HAROLD is a 33-year-old father of two young children. His wife passed away three years ago, just after giving birth to their beautiful daughter. It was a sad day for him and his family, but they have since accepted what happened, and Harold now solely takes care of a young son and daughter.
Duke was married to his wife for 13 years, when she left him (and their three children) for another man. It was devastating. As he was going through anger, confusion and grief, he also prioritized guiding the children through the agony of losing their mother, who they thought was their beacon of light through the years. As he knew his wife had hurt him and their children deeply, he also thought that wallowing would not make him feel better.
When a couple gets married or decides to have children, their way of thinking is changed, from living for one’s self to sharing life and having a family with someone who stands as a partner, half of a successful relationship. And with all best intentions, we know that when we’re in love, the “I” always turns into a “we.” And it’s not easy. That’s why having children is an important, life-changing decision to make. Unfortunately, the reality is that not all couples make it for the long haul. We can criticize all we want, but we are not them; we’ll never know their entire story, and we are all simply different.
Harold and Duke are just two examples of husbands left to take on both parental roles for their children. I also know of some who, despite complications in their marriage, decided to stay in the relationship because of the kids, mainly because the mother somehow does not have the maternal instinct. There are also unmarried couples who had children and separated, leaving the children to the father. I am sure we all know someone who is going through single fatherhood, and we admire them for it.
Though single moms go through the same challenge, we see a different picture when it comes to fathers who must stand as their children’s nurturer. As our society sees men as providers for their families, we also know how hard it could be for them to make sure their children are brought up strong, sensitive, discerning, yet loving, independent and responsible.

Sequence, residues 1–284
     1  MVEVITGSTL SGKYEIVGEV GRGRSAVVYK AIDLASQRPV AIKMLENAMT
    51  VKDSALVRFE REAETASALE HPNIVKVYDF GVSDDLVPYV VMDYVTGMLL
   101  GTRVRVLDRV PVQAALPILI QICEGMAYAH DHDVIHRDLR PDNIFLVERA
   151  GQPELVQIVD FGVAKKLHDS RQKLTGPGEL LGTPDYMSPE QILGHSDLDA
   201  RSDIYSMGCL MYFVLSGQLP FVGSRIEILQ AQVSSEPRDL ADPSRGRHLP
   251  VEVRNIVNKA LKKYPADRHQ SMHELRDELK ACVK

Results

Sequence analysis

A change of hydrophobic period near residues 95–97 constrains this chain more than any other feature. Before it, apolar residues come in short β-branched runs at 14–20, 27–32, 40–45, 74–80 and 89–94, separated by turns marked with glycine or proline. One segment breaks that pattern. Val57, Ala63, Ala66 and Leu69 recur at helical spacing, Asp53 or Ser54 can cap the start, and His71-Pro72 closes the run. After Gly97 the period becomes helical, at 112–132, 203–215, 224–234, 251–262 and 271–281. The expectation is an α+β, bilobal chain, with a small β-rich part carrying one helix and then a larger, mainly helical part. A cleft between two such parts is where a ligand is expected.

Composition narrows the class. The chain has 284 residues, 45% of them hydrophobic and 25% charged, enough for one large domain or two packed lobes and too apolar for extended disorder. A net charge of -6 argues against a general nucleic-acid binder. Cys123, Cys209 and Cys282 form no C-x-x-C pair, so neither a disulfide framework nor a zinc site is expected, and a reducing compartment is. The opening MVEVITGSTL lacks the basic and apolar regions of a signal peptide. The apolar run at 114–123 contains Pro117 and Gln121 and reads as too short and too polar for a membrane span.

Having been a single mother myself, I have been sent “Happy Father’s Day” messages every year, and I appreciate that people acknowledge that. But I’ve always wondered if single fathers are also given attention whenever Mother’s Day comes along.
Gender aside, we celebrate Mother’s Day not only because of a woman’s being a mother, but also because of the role she plays in a happy family. She may be the treasured housewife who stays home to care for the children while the husband works, or a working mom who helps her husband support the family. And yes, she may also be the single mother who does everything. But I think we should add single fathers to this mix.
The definition of the noun “mother” in the dictionary is a woman who has given birth to a child. But being a mother doesn’t start and end with giving birth. If we read it as a verb, it also connotes bringing up a child with devotion and affection. It is a lifelong obligation, which is probably why we fondly call them “moms” as we grow up.
The same might also go for the terms “father” and “dad.” So if we choose to not stick with the labels, we can only see what the parent is doing and has done for the child. And since children relate so much to love, if a single father is able to fulfill that, then he deserves to be acknowledged for the acts of compassion and nurturing he performs in the absence of a mother.
In such cases—for men who were brought up to keep their tears from falling, to know nothing except to win all the time, to “man up” in times of crisis, to be taught that growing up meant having a job to sustain a family and being told to just find a wife who will take care of the kids—once they commit to be the dad-mom, the road ahead will take a lot of mental retraining, practice, and moral support from family and friends. Being a single dad will be a tough ride, but it’s a ride I’m sure they will say is worth going through.
I know of another friend, a single father who takes care of his four children. I am not familiar with what happened, and I know he goes through some rough times, too, but what I do see is a man who continues to keep himself in shape, still lives his life to the fullest, is kind to others, smiles a lot, shows almost zero signs of stress, while happily caring for his kids. Now if that’s not enough reason to celebrate single fatherhood, I don’t know what else is.
So to all single fathers or “seemingly single dads” out there, Happy Mother’s Day, too. You deserve to be recognized, as being a mom and dad to your children is one of the most admirable traits of a truly complete man. And do know that being a single dad doesn’t make you less of a man. It makes you more human. I salute you.
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